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Old 08-21-2015, 11:21 AM   #81
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A little OT, but can you freeze to death in 80F water?
Absolutely, you could die if you stayed in there long enough.
Any outside source that can lower your internal body temperature would be life threatening.
At 80 degrees F, it would take a long time for a normal healthy person.
But entirely possible death could occur.
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Old 08-21-2015, 11:34 AM   #82
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A little OT, but can you freeze to death in 80F water?
No. You can succumb to hypothermia and drown though. You won't be frozen though....
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Old 08-21-2015, 12:10 PM   #83
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Heat up fast and cool off fast...........

(sigh) true, very true. consider a bucket with a large hole in it. toss it in the water, the big hole lets in the water fast and it semi-sinks. pull it up out of the water and the big hole lets the water run out fast.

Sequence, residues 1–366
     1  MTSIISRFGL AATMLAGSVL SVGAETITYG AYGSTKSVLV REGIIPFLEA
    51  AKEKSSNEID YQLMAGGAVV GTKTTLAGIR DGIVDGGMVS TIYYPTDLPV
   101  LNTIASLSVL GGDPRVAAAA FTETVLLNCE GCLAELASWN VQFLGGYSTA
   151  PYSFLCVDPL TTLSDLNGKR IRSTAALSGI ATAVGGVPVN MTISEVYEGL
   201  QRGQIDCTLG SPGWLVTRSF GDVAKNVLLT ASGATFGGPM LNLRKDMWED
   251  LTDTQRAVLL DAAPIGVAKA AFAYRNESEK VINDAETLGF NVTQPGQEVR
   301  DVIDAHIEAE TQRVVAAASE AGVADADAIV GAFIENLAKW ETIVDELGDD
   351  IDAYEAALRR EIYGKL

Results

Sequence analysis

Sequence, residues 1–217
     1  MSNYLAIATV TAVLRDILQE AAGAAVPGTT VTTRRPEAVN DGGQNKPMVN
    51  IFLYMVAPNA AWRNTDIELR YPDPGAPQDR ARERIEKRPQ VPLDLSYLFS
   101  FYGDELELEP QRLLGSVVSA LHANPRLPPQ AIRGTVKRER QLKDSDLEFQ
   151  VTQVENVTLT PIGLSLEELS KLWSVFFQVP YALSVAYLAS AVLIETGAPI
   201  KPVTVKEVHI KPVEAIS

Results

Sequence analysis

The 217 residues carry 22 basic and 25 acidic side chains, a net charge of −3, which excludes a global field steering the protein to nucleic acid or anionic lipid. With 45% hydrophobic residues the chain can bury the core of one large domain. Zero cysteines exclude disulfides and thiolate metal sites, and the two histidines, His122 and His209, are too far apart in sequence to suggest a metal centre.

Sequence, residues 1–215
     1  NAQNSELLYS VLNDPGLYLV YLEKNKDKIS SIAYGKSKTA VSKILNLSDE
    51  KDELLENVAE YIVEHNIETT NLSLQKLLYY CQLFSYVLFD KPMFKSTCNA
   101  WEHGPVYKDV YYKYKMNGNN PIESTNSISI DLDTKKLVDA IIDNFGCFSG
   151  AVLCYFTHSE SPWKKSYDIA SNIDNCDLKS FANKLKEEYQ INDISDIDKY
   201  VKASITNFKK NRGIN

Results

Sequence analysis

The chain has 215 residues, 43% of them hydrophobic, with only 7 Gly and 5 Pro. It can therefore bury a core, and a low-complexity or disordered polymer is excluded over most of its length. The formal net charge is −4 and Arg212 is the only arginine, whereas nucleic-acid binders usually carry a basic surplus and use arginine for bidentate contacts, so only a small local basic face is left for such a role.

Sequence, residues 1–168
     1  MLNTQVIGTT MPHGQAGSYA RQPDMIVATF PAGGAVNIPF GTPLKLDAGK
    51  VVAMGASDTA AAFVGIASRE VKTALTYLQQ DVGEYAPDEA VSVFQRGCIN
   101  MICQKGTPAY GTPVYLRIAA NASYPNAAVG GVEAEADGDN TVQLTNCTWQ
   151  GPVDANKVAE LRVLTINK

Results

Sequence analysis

however,,,, "thats what a good pan should do" - often call responsiveness - and as Willie said: "there's the rub"

despite the fact that the hole is big and water goes in fast and comes out fast, how big is the bucket? how much water has to come in or go out?

a two gallon bucket will weigh less faster than a six gallon bucket.

gallons = specific heat
size of hole = thermal conductivity

copper anyone?
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Old 08-21-2015, 04:12 PM   #84
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Many moons ago (late 1960's) I found an aluminum fry pan with a cover, along with a wooden handle and a set of aluminum triangle shaped pans in a Goodwill store. I think I may have paid the grand sum of $2.00 for all of the four pans. The fry pan had a small helper handle. I loved those pans. I used that fry pan more than my CI. Nothing ever stuck, chicken fried up to a beautiful golden color. And the three triangle shaped pans fit on one burner and were perfect for cooking more than one veggie on one burner. I would sell the blood of my first born to find an aluminum frying pan like that one today. So much lighter to carry to the sink for cleaning.